This is the second Julia Glass novel I've read, following Three Junes, for which she won the National Book Award. I've had my eye on this one for awhile and finally picked it up last weekend.
Greenie owns a bakery in lower Manhattan, and is married to Alan, a psychologist, with whom she has a son, George, who's about 5. Walter, Greenie's friend and owner of a local restaurant, gets Greenie a 'tryout' with the Governor of New Mexico--after tasting her coconut cake at Walter's, he wants to hire her as his personal chef. While their political opinions don't exactly mesh, he offers her the position.
The offer comes at the right time for Greenie (whose real name is Charlotte). She and her husband haven't been getting along; she thinks it's some sort of midlife crisis. So she takes the job in New Mexico, brining her son with her. Alan is supposed to move out there with them. But he never does, only coming for occasional visits.
While in New Mexico, Greenie reconnects with a former high school fling, and seriously considers beginning a relationship with him, after she discovers that Alan has fathered an illegitimate child with a former schoolmate. The two consider divorce but, as Alan bring George back to New York City to live with him, they never begin the proceedings.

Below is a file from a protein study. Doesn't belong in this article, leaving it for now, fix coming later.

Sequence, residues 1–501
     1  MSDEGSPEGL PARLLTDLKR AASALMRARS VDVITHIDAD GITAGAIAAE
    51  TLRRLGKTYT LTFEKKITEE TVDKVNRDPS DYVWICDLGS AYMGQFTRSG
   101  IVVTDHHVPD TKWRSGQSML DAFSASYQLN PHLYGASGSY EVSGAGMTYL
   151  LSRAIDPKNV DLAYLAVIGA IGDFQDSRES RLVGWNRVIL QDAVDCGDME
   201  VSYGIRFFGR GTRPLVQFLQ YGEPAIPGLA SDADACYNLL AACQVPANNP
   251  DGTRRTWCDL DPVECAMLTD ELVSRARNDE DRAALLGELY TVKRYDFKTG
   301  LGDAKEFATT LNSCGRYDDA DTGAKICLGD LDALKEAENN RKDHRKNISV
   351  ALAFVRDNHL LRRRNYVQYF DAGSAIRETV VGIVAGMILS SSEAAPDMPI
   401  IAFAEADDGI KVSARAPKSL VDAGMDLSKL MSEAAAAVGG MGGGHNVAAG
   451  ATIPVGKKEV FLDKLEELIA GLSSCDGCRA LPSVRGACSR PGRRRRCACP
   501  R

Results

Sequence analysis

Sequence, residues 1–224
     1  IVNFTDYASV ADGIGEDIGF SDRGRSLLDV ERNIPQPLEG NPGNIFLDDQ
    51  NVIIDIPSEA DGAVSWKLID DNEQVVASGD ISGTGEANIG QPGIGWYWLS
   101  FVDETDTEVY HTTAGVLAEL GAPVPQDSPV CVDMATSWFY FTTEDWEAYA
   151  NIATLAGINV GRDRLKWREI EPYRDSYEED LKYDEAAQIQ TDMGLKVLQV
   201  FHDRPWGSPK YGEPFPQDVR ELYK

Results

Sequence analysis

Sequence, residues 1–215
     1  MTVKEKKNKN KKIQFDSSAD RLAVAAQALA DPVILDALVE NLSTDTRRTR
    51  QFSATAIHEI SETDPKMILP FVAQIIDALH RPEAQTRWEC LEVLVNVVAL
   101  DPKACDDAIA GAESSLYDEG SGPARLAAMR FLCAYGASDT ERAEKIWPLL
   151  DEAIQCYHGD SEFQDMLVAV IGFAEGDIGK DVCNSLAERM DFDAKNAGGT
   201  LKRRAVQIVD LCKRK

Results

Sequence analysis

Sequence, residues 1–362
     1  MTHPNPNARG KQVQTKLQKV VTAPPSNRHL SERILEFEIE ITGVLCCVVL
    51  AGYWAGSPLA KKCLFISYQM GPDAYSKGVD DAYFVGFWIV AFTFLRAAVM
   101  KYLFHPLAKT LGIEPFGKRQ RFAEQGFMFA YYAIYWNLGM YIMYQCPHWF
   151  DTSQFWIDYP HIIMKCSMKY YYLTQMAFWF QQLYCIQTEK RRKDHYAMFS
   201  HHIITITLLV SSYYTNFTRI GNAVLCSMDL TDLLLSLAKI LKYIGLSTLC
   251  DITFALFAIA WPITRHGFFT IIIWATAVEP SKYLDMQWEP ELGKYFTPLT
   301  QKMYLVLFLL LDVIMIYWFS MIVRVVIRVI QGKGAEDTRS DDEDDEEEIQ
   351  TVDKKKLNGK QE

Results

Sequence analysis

All of this is interrupted by the events of 9/11. This is the second 9/11 book I've read (the first being A Little Love Story, which is superb), and in this book the events are the catalyst for everyone to "come to their senses." Greenie flies back east, to her parents' cabin in Maine, where Alan and George have gone post-attack. Will there be a reconciliation?
The book's secondary characters are fantastic. There's Walter and his multiple, complex relationships; Saga, an epileptic who works for an animal rescue, and has a few run ins with Walter, Alan, and Fenno, a bookstore owner; Saga's family, including the domineering Michael; and of course, the clan in New Mexico, including the governor's chauffeur, "Big George."
A theme throughout the book is nicknames, or misplaced names. Saga's real name is Emily; Greenie's is Charlotte, but she's called all sorts of things. Fenno even has a few different names in the novel. Identities and motives are not what they seem throughout the entire book.
I liked this one better than Three Junes--it seemed to move faster. Both books involve lots of food, so it's not something I recommend to read if you're hungry. (My mistake) Some of the secondary plots seemed unnecessary, but all resolved satisfactorily. I would read this one before Three Junes, and I'll tackle Glass's third book, I See You Everywhere (about the relationship between sisters) once it's in paperback.